This week, learn the lessons SFBC and SFMTA staff took from their days in Copenhagen, how to start a farmers market, the history of transit in the city and then let it all sink in at the last Sunday Streets of the year. Here are the highlights from the Streetsblog calendar: Monday: Join the East […]
From EBBC: Agenda: 5.1 Effective Cycling Program Wynn Kageyama of Cycles of Change will make a presentation on how to safely increase bicycle trips using scientific methods. Wynn will discuss why students are not bicycling to school, provide information of Fremont bicycle accidents data and present programs that could reduce bicycle accident rates and increase […]
Here are this week’s highlights from the Streetsblog calendar: Monday Tonight! Ask Brian: Member Q&A with the San Francisco Bicycle Coalition Executive Director. Join the SFBC for a Q&A with new Executive Director, Brian Wiedenmeier. Longtime member and former SF Bicycle Coalition staffer, Kristin Smith, will moderate. Mix and mingle with other members and meet Brian […]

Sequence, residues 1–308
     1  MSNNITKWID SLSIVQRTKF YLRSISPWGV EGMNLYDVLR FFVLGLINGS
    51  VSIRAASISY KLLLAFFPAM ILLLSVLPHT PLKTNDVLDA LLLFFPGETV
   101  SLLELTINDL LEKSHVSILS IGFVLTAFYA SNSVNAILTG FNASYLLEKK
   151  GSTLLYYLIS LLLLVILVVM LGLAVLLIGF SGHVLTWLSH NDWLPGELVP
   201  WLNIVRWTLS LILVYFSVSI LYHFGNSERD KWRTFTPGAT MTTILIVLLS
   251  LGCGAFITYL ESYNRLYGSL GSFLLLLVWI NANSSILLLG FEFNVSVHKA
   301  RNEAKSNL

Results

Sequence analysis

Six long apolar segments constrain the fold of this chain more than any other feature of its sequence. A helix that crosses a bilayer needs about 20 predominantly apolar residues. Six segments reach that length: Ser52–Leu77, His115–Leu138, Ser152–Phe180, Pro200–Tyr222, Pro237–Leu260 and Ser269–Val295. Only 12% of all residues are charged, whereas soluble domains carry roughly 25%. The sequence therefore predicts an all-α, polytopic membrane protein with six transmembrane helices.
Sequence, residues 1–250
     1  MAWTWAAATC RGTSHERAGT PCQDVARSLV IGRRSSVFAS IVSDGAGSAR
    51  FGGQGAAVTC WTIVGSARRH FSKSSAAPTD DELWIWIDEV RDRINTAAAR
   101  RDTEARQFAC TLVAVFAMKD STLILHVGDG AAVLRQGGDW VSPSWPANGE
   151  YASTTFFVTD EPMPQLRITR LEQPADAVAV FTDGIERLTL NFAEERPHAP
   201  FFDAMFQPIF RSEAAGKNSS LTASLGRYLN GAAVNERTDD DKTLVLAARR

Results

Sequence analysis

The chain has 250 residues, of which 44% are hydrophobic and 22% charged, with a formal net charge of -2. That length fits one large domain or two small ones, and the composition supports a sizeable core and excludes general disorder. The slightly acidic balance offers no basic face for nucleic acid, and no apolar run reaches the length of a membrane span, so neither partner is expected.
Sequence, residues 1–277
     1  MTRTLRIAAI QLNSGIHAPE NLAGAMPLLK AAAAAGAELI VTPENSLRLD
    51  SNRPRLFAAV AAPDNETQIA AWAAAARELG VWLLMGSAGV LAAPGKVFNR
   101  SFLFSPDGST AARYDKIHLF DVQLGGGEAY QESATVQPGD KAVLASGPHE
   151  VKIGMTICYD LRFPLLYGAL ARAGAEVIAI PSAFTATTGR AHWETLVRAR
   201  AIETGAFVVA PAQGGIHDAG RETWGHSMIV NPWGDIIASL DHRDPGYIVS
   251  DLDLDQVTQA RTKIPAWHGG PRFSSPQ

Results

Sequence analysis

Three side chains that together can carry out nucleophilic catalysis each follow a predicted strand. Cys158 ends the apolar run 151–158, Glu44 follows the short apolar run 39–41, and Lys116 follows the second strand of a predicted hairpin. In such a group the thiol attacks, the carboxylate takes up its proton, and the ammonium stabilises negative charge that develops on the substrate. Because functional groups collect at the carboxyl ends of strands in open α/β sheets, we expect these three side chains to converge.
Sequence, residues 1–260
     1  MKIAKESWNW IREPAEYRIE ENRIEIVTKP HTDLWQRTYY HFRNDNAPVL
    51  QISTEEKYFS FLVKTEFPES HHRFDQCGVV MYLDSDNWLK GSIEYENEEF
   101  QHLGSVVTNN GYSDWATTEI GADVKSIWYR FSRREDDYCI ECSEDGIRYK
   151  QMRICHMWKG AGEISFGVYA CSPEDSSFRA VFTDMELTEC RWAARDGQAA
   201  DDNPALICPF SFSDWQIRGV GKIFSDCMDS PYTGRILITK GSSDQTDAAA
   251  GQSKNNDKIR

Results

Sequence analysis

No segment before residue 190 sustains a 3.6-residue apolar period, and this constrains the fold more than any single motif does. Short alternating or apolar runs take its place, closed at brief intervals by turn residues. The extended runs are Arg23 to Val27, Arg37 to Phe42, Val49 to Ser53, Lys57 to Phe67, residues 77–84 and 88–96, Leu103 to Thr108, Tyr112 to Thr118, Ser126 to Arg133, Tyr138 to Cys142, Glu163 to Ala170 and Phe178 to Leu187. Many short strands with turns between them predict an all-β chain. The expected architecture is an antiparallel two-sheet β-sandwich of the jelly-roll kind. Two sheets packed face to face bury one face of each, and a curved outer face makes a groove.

From EBBC: The Alameda County Public Works Agency is hosting several community meetings to discuss the Draft Bicycle and Pedestrian Master Plan for Unincorporated Areas of Alameda County*. Residents, property owners, businesses and especially EBBC members are encouraged to provide input at these meetings, which will be held as follows: Thursday, November 17, 2011, 7:45 […]
From EBBC: Having being reviewed by the Planning Commission on 11/18/10 and the Facilities and Transportation Committee on 12/14/10, the draft 2010 Bicycle and Pedestrian Master Plan is expected to be adopted by the City Council on Monday, 02/07/11. The latest draft Plan and the Design Guidelines can be downloaded from City’s website at San Leandro […]
Two-and-a-half years after a judge issued an injunction preventing the city from adding any new bicycle infrastructure to its streets, the San Francisco Municipal Transportation Agency (SFMTA) and the San Francisco Planning Department have released a 1353-page Draft Environmental Impact Report (DEIR) on the San Francisco Bicycle Plan.
At a cost of more than $1 million, the city has attempted to demonstrate in excruciating detail what would seem to be obvious: better bicycle amenities contribute to increased cycling and an improved environment.